The chatbots are coming! The chatbots are coming!  And, apparently, they want to practice law.

A New York attorney recently discovered the significant risk of relying on ChatGPT to do one’s legal research.  In the case, the plaintiff, Robert Mata, claimed his knee was injured when it was struck by a serving cart during a flight, and he sued the airline, Avianca Airlines.  Avianca’s attorneys filed a motion to throw out the case, arguing the statute of limitations had expired.  In response, Mata’s attorney, Steven Schwartz, submitted a 10-page brief, chock full of legal citations as to why the airlines’ motion should be denied.  Unfortunately, at least six of the cases were bogus – completely fabricated.

When Avianca’s lawyers pointed out that they could not find any of those cases, Schwartz admitted that he had used ChatGPT to perform his legal research.  Introduced in November 2022, ChatGPT is an artificial intelligence chatbot that uses natural language processing to create humanlike conversational dialogue. In response to a user’s queries, the program can answer questions and compose various written content, including articles, essays, and – at least Schwartz thought – legal briefs.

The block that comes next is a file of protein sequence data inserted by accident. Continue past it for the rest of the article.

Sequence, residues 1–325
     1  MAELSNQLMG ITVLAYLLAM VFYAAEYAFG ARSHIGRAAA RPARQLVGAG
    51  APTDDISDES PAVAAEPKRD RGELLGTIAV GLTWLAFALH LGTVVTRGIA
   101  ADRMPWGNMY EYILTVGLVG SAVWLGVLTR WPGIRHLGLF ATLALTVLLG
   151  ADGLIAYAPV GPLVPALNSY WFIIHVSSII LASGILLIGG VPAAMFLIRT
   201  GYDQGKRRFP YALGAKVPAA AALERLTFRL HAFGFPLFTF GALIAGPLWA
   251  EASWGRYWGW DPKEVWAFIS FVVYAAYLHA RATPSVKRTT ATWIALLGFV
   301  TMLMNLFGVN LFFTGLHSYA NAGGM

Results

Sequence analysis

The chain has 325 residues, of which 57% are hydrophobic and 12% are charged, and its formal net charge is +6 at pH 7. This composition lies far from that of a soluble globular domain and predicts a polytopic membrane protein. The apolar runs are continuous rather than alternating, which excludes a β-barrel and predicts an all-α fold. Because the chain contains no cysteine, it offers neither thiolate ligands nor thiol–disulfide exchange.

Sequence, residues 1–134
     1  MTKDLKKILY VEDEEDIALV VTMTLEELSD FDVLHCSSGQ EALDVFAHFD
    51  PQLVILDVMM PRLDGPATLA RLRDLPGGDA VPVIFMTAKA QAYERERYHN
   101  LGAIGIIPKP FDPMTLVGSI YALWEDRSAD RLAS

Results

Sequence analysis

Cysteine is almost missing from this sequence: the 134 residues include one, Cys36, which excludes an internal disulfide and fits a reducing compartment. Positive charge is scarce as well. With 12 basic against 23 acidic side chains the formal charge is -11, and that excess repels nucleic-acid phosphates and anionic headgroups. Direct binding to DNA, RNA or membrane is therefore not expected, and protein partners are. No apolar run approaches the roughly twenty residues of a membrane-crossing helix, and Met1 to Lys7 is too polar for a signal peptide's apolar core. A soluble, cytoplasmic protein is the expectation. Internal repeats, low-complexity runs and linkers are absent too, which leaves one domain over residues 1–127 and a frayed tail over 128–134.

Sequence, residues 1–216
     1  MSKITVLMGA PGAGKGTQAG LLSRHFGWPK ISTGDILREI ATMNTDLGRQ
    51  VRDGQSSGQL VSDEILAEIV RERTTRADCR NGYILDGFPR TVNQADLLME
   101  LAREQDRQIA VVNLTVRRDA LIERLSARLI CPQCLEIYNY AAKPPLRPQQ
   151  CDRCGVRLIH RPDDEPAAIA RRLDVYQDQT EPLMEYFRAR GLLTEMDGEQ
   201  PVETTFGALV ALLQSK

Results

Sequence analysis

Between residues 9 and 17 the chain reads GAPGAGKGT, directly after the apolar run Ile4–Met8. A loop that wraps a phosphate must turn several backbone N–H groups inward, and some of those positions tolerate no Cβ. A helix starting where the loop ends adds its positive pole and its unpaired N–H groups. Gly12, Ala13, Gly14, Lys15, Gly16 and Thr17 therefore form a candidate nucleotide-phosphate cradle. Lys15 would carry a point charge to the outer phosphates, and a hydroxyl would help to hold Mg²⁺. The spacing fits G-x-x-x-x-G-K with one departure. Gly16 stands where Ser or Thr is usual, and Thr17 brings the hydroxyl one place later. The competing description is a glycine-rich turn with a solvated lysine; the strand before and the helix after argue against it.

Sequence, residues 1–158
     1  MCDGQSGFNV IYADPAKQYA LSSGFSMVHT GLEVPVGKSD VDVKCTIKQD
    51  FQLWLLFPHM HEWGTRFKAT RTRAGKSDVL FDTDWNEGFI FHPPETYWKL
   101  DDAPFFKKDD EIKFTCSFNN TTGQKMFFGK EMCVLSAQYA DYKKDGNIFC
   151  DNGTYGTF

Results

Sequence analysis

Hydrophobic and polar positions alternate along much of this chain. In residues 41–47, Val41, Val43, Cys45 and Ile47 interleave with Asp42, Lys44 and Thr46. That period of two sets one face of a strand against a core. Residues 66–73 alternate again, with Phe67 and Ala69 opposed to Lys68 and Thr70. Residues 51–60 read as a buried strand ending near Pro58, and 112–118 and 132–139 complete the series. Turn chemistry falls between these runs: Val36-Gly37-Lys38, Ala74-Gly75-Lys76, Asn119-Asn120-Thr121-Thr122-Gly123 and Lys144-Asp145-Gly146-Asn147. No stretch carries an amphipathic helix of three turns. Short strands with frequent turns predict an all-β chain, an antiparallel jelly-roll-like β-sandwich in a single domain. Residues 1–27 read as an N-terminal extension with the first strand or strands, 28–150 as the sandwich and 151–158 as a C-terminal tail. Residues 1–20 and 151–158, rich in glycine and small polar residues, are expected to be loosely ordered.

In a recent hearing on possible sanctions against Schwartz and another lawyer, Schwartz apologized to the court, conceding he had “failed miserably” at vetting the authorities which the bot provided.  He told an angry U.S. District Judge P. Kevin Castel that he was “operating under a misconception … that this website was obtaining these cases from some source I did not have access to.”

At the very least, can you trust ChatGPT to tell you if it is making stuff up? Apparently not. In a copy of the exchange submitted to the judge, Schwartz asked ChatGPT: ‘Is varghese a real case’ and ‘Are the other cases you provided fake.’  The bot replied: ‘No, the other cases I provided are real and can be found in reputable legal databases.’

The takeaway for lawyers is clear:  do not rely on ChatGPT for your legal research. More broadly, the case underscores the fact that the ChatGPT platform is still limited and unreliable.  Thus, anyone doing online research which they intend to use in business or academics should not blindly quote from or rely on the results of a chatbot query – or a Google search for that matter.  Verify your sources!

The judge has not yet ruled on whether Schwartz will be sanctioned.


  1. “I’m Afraid I Can’t Do That Dave”